“A dark side of me wants to see what happens if Trump is in,” said Mr. Vizcarra, who works in information technology. “There is going to be some kind of change, and even if it’s like a Nazi-type change, people are so drama-filled. They want to see stuff like that happen. It’s like reality TV. You don’t want to just see everybody be happy with each other. You want to see someone fighting somebody.”
You can’t say he’s not going into it with his eyes open.
As usual, I blame Abbie Hoffman.
A lot of EU citizens who live in Britain are worried that they will be forced out if the UK voters decide next month to withdraw from the EU. The Leave campaign dismisses this, and all concerns that anyone might have about this radical step, as “Project Fear”:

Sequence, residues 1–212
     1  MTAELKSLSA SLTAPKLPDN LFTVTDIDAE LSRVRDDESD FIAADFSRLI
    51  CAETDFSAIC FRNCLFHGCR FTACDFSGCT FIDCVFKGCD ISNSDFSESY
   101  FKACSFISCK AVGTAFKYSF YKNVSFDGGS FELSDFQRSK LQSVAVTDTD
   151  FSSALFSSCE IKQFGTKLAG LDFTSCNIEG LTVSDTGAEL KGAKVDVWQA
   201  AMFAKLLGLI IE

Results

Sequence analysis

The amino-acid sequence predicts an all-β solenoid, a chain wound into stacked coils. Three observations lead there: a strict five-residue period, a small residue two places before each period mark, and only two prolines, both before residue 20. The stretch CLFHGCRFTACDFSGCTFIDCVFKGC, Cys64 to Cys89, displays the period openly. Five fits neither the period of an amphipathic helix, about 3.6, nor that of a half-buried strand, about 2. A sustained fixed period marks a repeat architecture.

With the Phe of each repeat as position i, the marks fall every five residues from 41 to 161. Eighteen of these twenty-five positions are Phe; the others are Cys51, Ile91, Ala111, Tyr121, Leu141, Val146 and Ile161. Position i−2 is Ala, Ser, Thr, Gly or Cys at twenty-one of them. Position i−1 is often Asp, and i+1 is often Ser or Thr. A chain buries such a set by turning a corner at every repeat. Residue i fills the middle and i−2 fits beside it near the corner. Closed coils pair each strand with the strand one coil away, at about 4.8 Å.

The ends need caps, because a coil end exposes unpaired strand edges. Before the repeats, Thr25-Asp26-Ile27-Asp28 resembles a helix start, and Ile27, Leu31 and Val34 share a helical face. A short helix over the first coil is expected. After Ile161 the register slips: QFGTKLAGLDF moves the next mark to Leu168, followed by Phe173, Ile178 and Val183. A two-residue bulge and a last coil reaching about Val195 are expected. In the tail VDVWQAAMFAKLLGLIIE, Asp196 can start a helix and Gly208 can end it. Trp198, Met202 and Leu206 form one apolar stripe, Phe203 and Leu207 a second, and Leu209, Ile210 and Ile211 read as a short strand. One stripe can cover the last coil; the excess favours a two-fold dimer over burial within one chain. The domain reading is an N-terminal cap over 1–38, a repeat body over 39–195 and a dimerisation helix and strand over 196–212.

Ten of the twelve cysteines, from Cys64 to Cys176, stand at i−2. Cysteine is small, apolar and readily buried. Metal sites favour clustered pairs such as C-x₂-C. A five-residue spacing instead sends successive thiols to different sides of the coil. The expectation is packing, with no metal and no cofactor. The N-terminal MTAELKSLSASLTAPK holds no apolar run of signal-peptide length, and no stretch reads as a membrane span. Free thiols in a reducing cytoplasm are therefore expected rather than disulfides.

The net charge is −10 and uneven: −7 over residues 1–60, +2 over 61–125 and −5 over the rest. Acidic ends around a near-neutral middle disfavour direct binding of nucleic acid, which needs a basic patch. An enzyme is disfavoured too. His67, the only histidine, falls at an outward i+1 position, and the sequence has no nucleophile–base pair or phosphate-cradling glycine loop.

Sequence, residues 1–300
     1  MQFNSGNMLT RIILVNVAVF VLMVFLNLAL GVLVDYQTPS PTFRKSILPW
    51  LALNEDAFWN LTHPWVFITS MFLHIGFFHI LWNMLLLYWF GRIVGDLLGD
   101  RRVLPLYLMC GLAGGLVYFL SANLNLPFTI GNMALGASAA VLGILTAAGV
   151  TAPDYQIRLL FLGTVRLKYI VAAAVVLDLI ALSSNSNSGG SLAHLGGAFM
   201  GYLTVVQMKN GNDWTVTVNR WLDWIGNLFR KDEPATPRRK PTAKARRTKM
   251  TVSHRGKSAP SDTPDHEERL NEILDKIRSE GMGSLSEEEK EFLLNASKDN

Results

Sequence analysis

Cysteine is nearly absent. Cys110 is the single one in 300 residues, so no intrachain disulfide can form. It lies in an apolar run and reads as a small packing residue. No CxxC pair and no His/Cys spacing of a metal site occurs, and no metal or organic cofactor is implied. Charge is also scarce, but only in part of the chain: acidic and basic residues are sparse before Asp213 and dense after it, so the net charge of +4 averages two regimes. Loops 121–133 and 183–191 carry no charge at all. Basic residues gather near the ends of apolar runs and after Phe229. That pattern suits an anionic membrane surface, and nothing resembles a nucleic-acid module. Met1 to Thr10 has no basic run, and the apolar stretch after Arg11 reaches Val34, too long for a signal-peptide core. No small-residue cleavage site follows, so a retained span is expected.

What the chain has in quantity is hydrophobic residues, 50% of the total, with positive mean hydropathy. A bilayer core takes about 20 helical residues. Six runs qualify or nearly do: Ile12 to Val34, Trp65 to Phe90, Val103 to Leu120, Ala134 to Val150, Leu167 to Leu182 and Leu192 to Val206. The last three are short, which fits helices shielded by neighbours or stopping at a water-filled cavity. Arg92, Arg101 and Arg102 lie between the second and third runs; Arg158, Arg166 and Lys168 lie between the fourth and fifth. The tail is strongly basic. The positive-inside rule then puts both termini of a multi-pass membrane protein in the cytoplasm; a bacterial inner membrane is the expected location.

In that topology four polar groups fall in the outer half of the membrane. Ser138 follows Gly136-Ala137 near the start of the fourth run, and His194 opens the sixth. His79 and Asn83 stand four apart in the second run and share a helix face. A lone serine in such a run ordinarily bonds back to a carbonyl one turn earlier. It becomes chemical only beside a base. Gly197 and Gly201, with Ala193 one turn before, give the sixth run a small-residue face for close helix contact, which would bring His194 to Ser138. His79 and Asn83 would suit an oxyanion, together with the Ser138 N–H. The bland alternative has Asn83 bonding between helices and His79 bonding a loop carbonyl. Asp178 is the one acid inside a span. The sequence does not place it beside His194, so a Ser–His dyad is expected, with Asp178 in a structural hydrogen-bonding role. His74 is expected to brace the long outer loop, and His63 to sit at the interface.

Clearly any EU citizen that is legally here if we come out of the EU would absolutely have the right to remain here. Any other suggestion is just absurd.
Given that the main point of Brexit is to reduce immigration from the Continent, and given that tempers are likely to flare when the fate of said migrants (on both sides) are negotiated, and given that current UK law clearly would not give most of the EU citizens who are here the right to permanent residency, it’s clearly not absurd to worry. To adapt an old saw, even those whom political campaigners are trying to make paranoid, have real reasons to worry.
Well, from the NY Times, here’s some non-evidence:
Rose Carey, the head of immigration at Charles Russell Speechlys, a global law firm based in London, said she had seen an “unprecedented amount” of applications for British citizenship in the last few months.
“Historically, E.U. nationals didn’t really bother applying for a British passport,” she said. “It used to be a couple hundred a year to now five queries a week.”
From a couple of hundred a year to five a week — that’s pretty rapid growth!